Graduate activities: Nicole Wagner at Yale

Anonymous, d’Este tarocchi deck (The Magician), hand painted with gold and silver, 5 ½ x 3 ¼ in., Ferrara, 15th century. Cary Collection, Beinecke Rare Book and Manuscript Library, Yale University.

Congratulations to doctoral candidate Nicole Wagner, who has been awarded the Renaissance Society of America-Kress Beinecke Library Fellowship for 2017 for research on her dissertation, “Women Working the Table: The Material Culture, Gendered Spaces, and Visual Representations of Early Modern Female Card Players.”  She will visit Yale in September of this year.  Nicole has also recently received the Rosa Colecchio Travel Award, the IASH Graduate Fellowship, and the Foundation Travel Grant, all through Binghamton University.

Special installation at the University Art Museum: Ambra Polidori

The University Art Museum is showing a newly acquired work by Mexican artist Ambra Polidori (b. 1954) that challenges official evasions and inactivity around the 2014 disappearance of forty-three students in the Mexican state of Guerrero. The work has been sensitively installed by Juanita Rodriguez Congote, a doctoral student in the Department of History, in a way that also invites participation via the museum’s Facebook page as a digital parallel to the original’s sharable postcard format. There will be a gallery talk on the installation. Watch the museum’s Facebook page for details.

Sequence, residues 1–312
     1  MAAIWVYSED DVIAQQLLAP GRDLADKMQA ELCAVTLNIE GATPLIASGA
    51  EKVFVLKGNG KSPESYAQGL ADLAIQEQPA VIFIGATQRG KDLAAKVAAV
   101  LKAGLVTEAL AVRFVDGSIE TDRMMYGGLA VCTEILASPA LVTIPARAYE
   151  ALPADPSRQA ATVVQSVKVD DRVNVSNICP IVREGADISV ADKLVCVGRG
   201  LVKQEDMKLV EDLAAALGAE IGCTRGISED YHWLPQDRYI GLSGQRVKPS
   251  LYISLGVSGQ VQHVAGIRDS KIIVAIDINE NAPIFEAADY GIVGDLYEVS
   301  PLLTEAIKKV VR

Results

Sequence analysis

Summer Session Course: “Art and Corporate Culture: From Fluxus to the Yes Men”

Instructor: Wylie Schwartz

Binghamton University Department of Art History

Distance Learning Summer Session Course July 10 – August 11, 2017

This course explores the relationship between contemporary art and corporate culture. We begin with the corporation itself, in its postwar incarnation, as we examine the ways corporations have mobilized art and design, as well as the artists and designers whose work helped shape these emerging fields. From here, we consider Conceptual art as operating in terms of what Benjamin Buchloh referred to as an “aesthetics of administration.”  We go on to examine several case studies of artists and artist groups whose artistic practices specifically intervened within the sphere of corporate culture, whether as a form of institutional critique, such as Hans Haacke’s critique of Mobil sponsorship at the Museum of Modern Art, or the protests against BP sponsorship of British cultural institutions, or, as a form of collaboration, as in the case of the Artist Placement Group (APG) in postwar England. From there, we pivot to what we might call the “postmodern” corporation and the age of digital technologies, questioning how the subversive impulses of Paris in ’68 became folded into a new corporate culture, exemplified in the tendency of advertising to appropriate contemporary art, such as the case of Honda’s “Cog” commercial mimicking Fischli and Weiss’s “Lauf der Dinge.” We go on to examine how artists such as Damien Hirst, Takashi Murakami, and Jeff Koons turned themselves into corporations — the “branded” artist as it were, as well as the Conceptual play with that conceit in groups like Readymades Belong to Everyone. The course will conclude with a closer look at artistic practices that attempt to subvert that impulse by the Yes Men and other activist groups.